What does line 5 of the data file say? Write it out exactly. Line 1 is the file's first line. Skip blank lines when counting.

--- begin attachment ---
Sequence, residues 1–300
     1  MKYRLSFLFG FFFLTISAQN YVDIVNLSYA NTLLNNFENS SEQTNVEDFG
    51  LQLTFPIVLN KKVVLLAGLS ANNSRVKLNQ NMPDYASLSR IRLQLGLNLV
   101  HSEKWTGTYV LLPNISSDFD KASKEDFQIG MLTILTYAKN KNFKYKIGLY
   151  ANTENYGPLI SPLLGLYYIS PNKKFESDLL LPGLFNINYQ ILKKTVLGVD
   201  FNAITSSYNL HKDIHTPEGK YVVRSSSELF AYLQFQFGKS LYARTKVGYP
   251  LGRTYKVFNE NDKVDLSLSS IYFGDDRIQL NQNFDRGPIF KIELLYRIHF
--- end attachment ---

   151  ANTENYGPLI SPLLGLYYIS PNKKFESDLL LPGLFNINYQ ILKKTVLGVD